Charles Koch On ‘Good Profit’ (And The Kansas City Royals)

Matt K. Lewis | Senior Contributor

Businessman and philanthropist Charles G. Koch has a new book out called Good Profit, and I had a chance to ask him a few questions about it:

MKL: To kick this off, your new book is titled Good Profit. Is there bad profit? If so, what’s the difference?” 

CGK: Good profit is earned by helping people improve their lives through voluntary and cooperative transactions that benefit everyone involved. These types of transactions are win-win. Bad profit is the opposite of that because it diminishes someone else’s well-being. For example, in Washington – and really at all levels of government – we’re seeing politicians rig the system to benefit a select few.

MKL: Does this win-win philosophy apply to competitors and employees?

CGK: You bet. In writing this book, I’ve been asked, “Why would you want another individual or business or organization to improve?” The answer is because all of us benefit when others profit in a principled way. When a business succeeds this way and provides a new technology or way of doing things that replaces an old, people in society are ultimately better off. And it’s why Koch employees are incentivized to understand customers’ unmet needs and find ways to satisfy them better than existing and potential competitors. Our goal is to motivate all employees to maximize their contribution, regardless of their role, and reward them for doing so. At Koch, anyone can earn more than his or her boss by creating more value.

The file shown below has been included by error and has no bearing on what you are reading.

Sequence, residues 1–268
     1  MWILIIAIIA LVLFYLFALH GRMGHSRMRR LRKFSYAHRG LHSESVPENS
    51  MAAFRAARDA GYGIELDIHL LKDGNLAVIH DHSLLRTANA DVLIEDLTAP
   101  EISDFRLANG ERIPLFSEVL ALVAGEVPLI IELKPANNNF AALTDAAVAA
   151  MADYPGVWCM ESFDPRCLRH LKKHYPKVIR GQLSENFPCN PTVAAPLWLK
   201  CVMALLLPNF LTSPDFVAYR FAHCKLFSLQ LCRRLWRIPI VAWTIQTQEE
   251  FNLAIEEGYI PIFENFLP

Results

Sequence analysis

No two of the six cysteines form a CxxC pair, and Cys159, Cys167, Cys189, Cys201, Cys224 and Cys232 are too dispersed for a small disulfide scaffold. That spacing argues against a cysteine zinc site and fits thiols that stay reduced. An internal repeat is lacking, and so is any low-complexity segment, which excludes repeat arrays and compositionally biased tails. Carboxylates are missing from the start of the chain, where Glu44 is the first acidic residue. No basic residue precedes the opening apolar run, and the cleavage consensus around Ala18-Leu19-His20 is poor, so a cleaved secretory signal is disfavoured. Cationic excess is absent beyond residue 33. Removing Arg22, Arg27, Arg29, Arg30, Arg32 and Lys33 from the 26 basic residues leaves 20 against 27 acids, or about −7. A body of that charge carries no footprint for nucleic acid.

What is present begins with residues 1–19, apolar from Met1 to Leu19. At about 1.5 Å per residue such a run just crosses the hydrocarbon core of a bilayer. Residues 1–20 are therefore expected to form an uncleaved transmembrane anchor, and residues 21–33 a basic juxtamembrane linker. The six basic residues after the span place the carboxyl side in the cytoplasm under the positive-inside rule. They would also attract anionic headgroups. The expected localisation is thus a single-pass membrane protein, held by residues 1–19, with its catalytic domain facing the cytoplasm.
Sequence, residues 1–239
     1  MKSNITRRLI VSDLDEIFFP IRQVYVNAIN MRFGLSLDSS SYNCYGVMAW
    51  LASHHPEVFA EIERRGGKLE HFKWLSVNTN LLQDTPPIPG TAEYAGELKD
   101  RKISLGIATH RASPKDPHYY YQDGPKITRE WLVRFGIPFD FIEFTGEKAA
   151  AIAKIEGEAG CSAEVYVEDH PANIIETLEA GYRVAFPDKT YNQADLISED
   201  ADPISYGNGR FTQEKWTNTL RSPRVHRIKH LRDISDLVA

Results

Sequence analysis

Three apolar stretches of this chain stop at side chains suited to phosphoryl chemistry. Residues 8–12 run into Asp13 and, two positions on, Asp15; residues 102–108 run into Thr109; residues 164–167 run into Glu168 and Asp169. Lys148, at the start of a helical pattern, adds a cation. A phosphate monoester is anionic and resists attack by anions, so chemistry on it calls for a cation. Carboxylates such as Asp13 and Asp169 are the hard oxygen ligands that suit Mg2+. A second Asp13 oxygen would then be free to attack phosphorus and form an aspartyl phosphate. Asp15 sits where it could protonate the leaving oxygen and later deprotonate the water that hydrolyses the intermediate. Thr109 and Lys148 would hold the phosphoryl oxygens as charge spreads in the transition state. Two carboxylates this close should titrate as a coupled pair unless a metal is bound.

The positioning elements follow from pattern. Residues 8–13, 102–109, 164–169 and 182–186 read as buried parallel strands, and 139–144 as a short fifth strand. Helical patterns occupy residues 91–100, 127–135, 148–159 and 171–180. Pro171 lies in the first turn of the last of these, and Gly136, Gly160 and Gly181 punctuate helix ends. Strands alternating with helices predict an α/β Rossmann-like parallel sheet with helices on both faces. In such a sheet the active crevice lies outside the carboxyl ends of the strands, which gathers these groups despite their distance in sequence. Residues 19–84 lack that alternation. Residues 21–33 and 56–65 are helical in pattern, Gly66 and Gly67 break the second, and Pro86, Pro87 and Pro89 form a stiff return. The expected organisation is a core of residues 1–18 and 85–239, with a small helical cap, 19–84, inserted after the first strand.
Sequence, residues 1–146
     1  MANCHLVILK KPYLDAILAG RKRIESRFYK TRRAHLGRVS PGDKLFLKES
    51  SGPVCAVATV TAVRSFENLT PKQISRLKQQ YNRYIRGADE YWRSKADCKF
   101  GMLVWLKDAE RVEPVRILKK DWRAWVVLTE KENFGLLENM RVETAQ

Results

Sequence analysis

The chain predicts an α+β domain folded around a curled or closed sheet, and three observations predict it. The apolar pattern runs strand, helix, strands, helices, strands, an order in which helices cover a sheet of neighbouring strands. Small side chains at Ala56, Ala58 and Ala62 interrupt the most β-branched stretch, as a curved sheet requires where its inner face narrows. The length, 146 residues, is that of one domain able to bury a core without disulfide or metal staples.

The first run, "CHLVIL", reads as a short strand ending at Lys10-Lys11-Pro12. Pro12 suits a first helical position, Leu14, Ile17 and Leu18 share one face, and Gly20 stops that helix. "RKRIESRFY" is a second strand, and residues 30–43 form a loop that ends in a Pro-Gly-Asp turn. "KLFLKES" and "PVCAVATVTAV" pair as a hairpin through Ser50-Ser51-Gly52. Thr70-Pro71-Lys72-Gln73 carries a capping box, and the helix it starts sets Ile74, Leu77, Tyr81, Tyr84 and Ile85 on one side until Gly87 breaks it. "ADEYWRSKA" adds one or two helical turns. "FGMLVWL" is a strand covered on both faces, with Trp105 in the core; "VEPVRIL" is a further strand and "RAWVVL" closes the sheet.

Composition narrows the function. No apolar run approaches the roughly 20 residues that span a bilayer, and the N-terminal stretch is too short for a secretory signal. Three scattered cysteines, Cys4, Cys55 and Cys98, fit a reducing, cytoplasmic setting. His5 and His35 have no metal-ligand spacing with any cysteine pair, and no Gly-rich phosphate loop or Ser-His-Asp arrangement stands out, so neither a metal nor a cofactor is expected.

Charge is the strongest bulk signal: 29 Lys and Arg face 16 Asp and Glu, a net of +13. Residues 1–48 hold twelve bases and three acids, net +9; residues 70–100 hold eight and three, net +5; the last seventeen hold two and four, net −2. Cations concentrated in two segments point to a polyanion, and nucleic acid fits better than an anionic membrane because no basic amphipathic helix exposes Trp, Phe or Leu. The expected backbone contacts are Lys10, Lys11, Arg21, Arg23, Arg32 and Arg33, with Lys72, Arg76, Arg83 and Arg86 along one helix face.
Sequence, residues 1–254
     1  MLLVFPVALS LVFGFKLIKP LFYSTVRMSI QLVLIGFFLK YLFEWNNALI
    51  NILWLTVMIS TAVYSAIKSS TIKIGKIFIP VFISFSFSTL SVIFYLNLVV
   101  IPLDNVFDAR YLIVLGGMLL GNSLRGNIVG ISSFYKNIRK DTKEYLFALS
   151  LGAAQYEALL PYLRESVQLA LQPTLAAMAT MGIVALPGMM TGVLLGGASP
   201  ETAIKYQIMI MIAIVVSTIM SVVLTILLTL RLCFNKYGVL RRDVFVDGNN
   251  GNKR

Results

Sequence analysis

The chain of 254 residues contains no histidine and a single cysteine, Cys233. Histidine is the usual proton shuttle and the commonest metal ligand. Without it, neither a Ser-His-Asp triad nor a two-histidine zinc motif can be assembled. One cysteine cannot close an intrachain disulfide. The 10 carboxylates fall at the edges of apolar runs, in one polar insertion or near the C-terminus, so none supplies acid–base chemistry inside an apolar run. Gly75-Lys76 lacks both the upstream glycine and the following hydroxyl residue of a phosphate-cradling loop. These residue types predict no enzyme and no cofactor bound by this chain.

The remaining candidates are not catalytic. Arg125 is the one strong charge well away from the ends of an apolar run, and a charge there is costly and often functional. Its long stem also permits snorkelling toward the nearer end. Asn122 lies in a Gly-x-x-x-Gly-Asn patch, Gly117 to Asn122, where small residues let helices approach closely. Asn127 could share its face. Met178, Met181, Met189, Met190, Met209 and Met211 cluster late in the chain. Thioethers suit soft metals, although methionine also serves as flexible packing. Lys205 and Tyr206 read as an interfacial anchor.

MKL: Do you see any parallels in this win-win philosophy to political compromise?

CGK:  It could certainly apply to politics. Sure. But there seems to be a lack of willingness for politicians who hold different points of view on most things to come together on some things for the good of everyone. I share the view of Frederick Douglas who said, “I’ll work with anyone to do good and no one to do harm.” It’s that view which has led to our work with the Obama Administration and the Coalition for Public Safety, among others, to reform the criminal justice system and address the issue of occupational licensing, both of which are obstacles to opportunity for the most disadvantaged in society.

MKL: Koch Industries is based in Kansas. Are you rooting for the Royals to win the World Series?

CGK: Finally, the important stuff! Did you see that comeback Monday night? I’m hoping for the best in Game Five this Wednesday. It’s a fun time of year to be a sports fan in Kansas. Keep an eye on my Wichita State Shockers this basketball season. Coach Gregg Marshall continues to do great things with those kids and that program. They’re fun to watch, not the least because he does things the right way – with integrity.

MKL: Thank you for taking the time to talk with us.

CGK: My pleasure.

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